The unavailability and poor condition of torch reflect the lack of maintenance of necessary aids in time of emergency. Nigel’s coming late and Phillip’s extra hour in work reflects lack of supervision on the labours sign in and sign offs. This reflect that there is no strict rule as well as monitoring on the total working hour maintained or served by each individual staffs within the hotel. This depicts a poor condition of team performance in the emergency management (Hu, 2016). Jill’s feelings of anxiety fear due to thunderstorm were not noticed by anyone reflecting lack of team spirit bonding among the staffs. This reflects a poor organizational behaviour within the hotel where individuals even though work together but not connected at all. There is no consensus, participation by all in decision making. Every junior staffs keep asking John the supervisor to make any move. This not only reflects inefficiency but also too much dependence that leads to a biased environment. John being senior supervisor is faulty at his role. He is careless, not bothered to get information, believe them and act accordingly. He is judgemental and opinionated and very rigid. He ignores the rattling sounds o doors.

Executing Emergency Alert for Impending Cyclone

It is important to ensure that such problems do not occur again and for that making the staffs aware of their mistakes, casualness is very important. So as a facility manager I will conduct a meeting and make everyone aware of their expected behaviour, duties as per the job role (Sisson & Adams, 2013). Stricter monitoring would be exercised on the staffs and also focus would be given on making arrangements to deal with emergency like natural calamities.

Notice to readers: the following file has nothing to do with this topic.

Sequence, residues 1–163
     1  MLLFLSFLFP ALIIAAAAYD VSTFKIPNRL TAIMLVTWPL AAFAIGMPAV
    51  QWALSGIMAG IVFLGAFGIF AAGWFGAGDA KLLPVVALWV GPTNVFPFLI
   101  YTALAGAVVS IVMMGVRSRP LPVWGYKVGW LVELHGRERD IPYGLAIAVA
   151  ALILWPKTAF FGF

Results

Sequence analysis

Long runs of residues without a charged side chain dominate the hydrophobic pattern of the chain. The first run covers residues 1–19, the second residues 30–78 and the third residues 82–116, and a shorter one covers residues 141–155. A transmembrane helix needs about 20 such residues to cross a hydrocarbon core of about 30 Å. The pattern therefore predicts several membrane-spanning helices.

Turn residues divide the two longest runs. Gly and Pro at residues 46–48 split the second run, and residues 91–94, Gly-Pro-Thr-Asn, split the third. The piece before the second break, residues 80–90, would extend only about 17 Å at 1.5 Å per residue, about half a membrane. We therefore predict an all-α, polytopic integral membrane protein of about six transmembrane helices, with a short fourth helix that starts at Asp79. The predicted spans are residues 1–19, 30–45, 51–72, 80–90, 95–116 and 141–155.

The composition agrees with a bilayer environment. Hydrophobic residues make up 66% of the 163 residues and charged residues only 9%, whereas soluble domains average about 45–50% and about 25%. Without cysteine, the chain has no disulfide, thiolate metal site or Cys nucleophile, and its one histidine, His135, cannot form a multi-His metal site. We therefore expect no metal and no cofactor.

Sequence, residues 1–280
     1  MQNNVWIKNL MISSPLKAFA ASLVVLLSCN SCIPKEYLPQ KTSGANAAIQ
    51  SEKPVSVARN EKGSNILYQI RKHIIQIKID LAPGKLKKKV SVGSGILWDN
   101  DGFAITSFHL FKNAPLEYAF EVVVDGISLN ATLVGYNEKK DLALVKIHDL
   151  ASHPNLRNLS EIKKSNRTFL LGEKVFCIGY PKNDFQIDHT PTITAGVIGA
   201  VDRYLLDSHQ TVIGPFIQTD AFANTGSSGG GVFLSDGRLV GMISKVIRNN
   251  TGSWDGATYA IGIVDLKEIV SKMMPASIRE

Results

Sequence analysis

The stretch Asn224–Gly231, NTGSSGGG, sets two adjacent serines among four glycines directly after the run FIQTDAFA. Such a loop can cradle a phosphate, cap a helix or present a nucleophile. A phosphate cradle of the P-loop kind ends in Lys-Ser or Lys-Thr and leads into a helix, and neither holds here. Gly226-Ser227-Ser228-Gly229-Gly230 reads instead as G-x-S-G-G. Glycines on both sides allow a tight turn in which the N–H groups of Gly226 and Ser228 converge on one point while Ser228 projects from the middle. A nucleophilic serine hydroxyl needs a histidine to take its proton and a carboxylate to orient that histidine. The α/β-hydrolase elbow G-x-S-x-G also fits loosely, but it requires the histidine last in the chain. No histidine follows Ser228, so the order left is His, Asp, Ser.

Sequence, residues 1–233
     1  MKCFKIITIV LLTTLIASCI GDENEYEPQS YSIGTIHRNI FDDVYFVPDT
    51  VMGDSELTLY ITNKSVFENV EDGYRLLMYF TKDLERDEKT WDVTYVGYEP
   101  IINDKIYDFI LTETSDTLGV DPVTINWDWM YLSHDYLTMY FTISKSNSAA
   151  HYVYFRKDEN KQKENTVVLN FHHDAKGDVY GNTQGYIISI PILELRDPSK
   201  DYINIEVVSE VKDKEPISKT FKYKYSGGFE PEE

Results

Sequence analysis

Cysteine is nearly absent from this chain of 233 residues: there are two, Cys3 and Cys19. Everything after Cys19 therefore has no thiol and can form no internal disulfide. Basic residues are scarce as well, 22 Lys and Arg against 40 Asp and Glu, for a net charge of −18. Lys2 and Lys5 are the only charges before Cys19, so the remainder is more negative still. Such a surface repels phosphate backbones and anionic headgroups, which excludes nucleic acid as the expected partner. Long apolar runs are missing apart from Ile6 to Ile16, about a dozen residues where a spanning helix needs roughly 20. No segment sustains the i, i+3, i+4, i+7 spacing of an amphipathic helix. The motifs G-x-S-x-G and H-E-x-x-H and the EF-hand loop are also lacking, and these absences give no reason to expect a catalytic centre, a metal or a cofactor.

3. To avoid such problems again management needs to conduct a meeting where all these issues are addressed and proper solutions are taken. They are needed to be given training on hospitality management so that they conduct good quality of service and handle emergency efficiently. Each department starting from housekeeping, general staffs, supervisors, juniors, reception staffs etc needs to revisit their roles and ensure such situation should never occur in near future (Zhou,Ye, Pearce & Wu, 2014).

Proper supervision of all the facilities is to be done. The management of the hotel needs to come up with some solution for situation of over booking or if any guests want to extend his stay. The hotel authority should not ask the guest to leave or force them. Services like elevator should be checked up monthly if there is any fault that might disrupt the service. Proper arrangement should be done to beat the natural calamities like cyclone, cold storm etc. Rooms should have good heating facilities (Sisson & Adams, 2013). The hotel management needs to ensure that every individual guest gets good quality of food and hygienic atmosphere within hotel. In order to make the staffs grow bonding among them, they should be gathered and give time for relaxation. Management should conduct one on one meeting with every staffs to know them better and enlighten them about their duties better and motivate them to take care of his duties well (AlBattat & Mat Som, 2013).